Brigade de cuisine

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Brigade de cuisine is a system of hierarchy found in restaurants and hotels in France that employ extensive staff and are commonly referred to as kitchen staff in English speaking countries. The concept was refined by Georges Auguste Escoffier, but evidence of brigade-style culinary arrangements can be found in late medieval French and English sources. This structured team system delegates responsibilities to different individuals that specialize in certain tasks.

[edit] List of positions

Below is an exhaustive list of the different members of the kitchen brigade system. Only the largest of establishments would have an extensive staff of this size. As noted under certain titles, certain positions are combined into other positions when such a large staff is unnecessary.

  • Chef de cuisine (Kitchen chef) - Responsible for overall management of kitchen. They supervise staff, create menus and new recipes with the assistance of the restaurant manager, make purchases of raw food items, train apprentices and maintain a sanitary and hygienic environment for the preparation of food.[1]
  • Sous-chef de cuisine (Deputy kitchen chef) - Receives orders directly from the chef de cuisine for the management of the kitchen and often represents the chef de cuisine when he or she is not present.[1]
  • Chef de partie (Senior chef) - Responsible for managing a given station in the kitchen where they specialize in preparing particular dishes. Those that work in a lesser station are commonly referred to as a demi-chef.[1]
  • Cuisinier (Cook) - This position is an independent one where they usually prepare specific dishes in a station. They may also be referred to as a cuisinier de partie.[1]
  • Commis (Junior cook) - Also works in a specific station, but reports directly to the chef de partie and takes care of the tools for the station.[1]
  • Apprenti(e) (Apprentice) - Many times they are students gaining theoretical and practical training in school and work experience in the kitchen. They perform preparatory work and/or cleaning work.[1]
  • Plongeur (Dishwasher) - Cleans dishes and utensils and may be entrusted with basic preparatory jobs.[1]
    • Marmiton - (Pot and pan washer) In larger restaurants takes care of all the pots and pans instead of the plongeur.[2]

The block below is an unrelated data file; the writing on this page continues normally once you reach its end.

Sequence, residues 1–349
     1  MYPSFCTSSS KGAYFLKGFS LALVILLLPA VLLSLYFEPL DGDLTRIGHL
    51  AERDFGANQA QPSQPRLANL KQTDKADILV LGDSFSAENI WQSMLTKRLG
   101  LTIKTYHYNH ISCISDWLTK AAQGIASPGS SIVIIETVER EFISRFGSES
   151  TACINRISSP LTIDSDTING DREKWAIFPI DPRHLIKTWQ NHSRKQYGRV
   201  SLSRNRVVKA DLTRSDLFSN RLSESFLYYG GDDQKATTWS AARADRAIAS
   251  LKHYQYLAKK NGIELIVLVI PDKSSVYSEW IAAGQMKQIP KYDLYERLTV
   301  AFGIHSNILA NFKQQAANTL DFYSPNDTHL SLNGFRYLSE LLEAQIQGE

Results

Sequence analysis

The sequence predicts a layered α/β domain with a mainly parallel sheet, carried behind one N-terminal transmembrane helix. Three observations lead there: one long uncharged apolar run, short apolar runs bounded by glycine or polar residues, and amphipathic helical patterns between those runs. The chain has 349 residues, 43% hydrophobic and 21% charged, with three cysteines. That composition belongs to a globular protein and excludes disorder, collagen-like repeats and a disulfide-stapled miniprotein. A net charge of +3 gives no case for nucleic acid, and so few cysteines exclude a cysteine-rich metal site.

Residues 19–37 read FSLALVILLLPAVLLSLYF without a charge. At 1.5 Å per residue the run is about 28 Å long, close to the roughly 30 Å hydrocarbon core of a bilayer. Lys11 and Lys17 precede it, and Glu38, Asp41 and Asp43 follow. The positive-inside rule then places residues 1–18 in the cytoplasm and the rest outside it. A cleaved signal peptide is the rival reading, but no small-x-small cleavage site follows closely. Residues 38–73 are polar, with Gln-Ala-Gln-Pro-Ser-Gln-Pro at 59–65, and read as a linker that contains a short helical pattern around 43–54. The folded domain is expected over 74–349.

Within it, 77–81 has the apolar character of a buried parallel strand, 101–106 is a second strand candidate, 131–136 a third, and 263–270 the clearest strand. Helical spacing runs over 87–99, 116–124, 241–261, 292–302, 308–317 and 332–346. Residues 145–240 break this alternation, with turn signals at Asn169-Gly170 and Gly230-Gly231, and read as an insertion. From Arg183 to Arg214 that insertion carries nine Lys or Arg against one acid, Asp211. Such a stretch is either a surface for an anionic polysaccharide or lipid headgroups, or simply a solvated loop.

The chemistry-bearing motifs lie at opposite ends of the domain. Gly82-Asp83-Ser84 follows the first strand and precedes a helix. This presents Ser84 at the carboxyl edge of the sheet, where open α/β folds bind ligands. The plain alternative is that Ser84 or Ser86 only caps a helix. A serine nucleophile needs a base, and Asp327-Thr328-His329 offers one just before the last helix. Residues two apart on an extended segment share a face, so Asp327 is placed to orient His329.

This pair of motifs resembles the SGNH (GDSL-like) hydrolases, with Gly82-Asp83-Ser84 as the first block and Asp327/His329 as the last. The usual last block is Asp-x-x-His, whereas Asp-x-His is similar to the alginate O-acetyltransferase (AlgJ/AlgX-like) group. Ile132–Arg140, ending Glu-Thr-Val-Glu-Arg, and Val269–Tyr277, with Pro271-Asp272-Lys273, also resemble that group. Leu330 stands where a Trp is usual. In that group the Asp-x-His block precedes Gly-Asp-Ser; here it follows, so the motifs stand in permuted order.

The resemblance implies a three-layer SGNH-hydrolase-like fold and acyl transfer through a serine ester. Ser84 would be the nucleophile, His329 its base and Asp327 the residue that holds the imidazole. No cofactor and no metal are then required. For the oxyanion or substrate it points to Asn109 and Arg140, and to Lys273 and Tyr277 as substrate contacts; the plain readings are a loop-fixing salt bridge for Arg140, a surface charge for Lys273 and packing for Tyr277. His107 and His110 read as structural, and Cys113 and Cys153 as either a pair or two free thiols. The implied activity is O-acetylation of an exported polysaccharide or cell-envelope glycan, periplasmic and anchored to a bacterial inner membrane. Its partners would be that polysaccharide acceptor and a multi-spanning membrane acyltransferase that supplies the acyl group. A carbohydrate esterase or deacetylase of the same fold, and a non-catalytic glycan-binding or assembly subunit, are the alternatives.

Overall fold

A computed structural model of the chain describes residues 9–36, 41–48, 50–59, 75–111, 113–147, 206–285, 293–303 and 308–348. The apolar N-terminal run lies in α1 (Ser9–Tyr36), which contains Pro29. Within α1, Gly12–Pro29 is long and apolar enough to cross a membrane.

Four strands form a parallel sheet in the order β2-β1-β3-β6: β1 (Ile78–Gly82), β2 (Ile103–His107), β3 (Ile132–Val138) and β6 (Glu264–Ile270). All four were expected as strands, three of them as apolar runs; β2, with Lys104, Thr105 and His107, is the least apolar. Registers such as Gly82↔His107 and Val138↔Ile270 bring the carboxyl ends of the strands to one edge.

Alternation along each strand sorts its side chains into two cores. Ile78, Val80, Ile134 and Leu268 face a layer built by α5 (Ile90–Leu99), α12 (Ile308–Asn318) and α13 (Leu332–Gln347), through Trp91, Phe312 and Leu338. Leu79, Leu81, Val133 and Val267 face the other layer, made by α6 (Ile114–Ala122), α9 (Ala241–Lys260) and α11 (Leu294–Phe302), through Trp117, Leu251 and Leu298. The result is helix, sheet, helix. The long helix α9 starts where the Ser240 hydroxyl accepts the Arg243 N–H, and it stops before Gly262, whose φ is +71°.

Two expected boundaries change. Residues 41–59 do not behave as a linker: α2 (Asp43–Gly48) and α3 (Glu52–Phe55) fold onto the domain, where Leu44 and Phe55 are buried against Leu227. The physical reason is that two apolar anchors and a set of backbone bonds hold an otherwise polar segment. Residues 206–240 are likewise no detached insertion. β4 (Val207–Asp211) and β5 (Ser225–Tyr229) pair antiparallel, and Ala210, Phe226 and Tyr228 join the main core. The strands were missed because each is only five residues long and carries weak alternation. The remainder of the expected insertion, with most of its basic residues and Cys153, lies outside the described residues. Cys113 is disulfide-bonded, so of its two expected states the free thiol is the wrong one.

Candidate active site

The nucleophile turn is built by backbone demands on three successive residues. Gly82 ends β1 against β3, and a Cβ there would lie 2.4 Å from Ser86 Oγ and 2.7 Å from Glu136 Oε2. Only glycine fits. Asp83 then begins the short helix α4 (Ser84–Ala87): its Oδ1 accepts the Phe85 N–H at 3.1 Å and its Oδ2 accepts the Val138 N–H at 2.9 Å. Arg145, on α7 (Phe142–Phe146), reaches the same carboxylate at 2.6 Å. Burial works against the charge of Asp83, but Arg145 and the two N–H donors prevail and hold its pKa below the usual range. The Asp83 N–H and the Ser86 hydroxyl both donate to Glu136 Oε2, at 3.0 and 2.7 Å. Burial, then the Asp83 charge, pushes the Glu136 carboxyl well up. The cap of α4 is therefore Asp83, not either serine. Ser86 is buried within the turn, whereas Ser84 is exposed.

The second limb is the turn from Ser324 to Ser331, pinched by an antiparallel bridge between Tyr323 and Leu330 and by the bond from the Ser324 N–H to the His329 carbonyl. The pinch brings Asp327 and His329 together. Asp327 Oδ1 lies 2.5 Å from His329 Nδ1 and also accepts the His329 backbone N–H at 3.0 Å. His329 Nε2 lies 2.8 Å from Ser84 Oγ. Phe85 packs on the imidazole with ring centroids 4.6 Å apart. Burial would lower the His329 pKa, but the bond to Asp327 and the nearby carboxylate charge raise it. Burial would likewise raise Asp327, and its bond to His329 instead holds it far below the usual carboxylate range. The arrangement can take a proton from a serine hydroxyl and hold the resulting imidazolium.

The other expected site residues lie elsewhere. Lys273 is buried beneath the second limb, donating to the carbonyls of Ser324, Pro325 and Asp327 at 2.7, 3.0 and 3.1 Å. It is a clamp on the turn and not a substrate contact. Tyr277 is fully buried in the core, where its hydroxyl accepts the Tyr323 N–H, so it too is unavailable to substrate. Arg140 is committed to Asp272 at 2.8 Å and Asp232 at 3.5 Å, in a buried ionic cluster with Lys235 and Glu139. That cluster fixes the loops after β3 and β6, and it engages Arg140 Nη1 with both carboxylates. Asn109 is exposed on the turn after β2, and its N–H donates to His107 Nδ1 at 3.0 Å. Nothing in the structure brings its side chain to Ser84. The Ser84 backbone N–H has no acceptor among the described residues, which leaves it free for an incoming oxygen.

• Saucier (Saucemaker/Sauté cook) - Prepares sauces, warm hors d'oeuvres, completes meat dishes and in smaller restaurants may work on fish dishes and prepares sautéed items. This is one of the most respected positions in the kitchen brigade.[1]
  • Rôtisseur (Roast cook) - Manages a team of cooks that roasts, broils and deep fries dishes.[1]
    • Grillardin (Grill cook) - In a larger kitchen this person prepares the grilled foods instead of the rôtisseur.[3]
    • Friturier (Fry cook) - In larger kitchens this person prepares fried foods instead of the rôtisseur.[3]
  • Poissonnier (Fish cook) - Prepares fish and seafood dishes.[2]
  • Entremetier (Entrée preparer) - Prepares soups and other dishes not involving meat or fish, including vegetable dishes and egg dishes.[1]
    • Potager (soup cook) - In larger kitchens this person reports to the entremetier and prepares the soups.[3]
    • Legumier (Vegetable cook) - In larger kitchen this person also reports to the entremetier and prepares the vegetable dishes.[3]
  • Garde manger (Pantry supervisor) - responsible for preparation of cold hors d'oeuvres, prepares salads, organizes large buffet displays and prepares charcuterie items.[1]
  • Tournant (Spare hand/ roundsman) - Moves throughout kitchen assisting other positions in kitchen
  • Pâtissier (Pastry cook) - Prepares desserts and other meal end sweets and for location without a boulanger also prepares breads and other baked items. They may also prepare pasta for the restaurant.[2]
    • Confiseur - Prepares candies and petits fours in larger restaurants instead of the pâtissier.[3]
    • Glacier - Prepares frozen and cold desserts in larger restaurants instead of the pâtissier.[3]
    • Décorateur - Prepares show pieces and specialty cakes in larger restaurants instead of the pâtissier.[3]
    • Boulanger (Baker) - Prepares bread, cakes and breakfast pastries in larger restaurants instead of the pâtissier.[2]
  • Boucher (Butcher) - butchers meats, poultry and sometimes fish. May also be in charge of breading meat and fish items.[3]
  • Aboyeur (Announcer/ expediter) - Takes orders from dining room and distributes them to the various stations. This position may also be performed by the sous-chef de partie.[3]
  • Communard - Prepares the meal served to the restaurant staff.[3]
  • Garçon de cuisine - Performs preparatory and auxiliary work for support in larger restaurants.[2]

[edit] References

  • Dominé, André (ed.). Culinaria France. Cologne: Könemann Verlagsgesellschaft mbh, 1998. ISBN 978-3833111297
  • The Culinary Institute of America. The Professional Chef. 8th ed. Hoboken, NJ: John Wiley & Sons, INC, 2006. ISBN 978-0764557347
  1. ^ a b c d e f g h i j k Dominé, 32.
  2. ^ a b c d e Dominé, 33.
  3. ^ a b c d e f g h i j The Culinary Institute of America, 8.

[edit] See also

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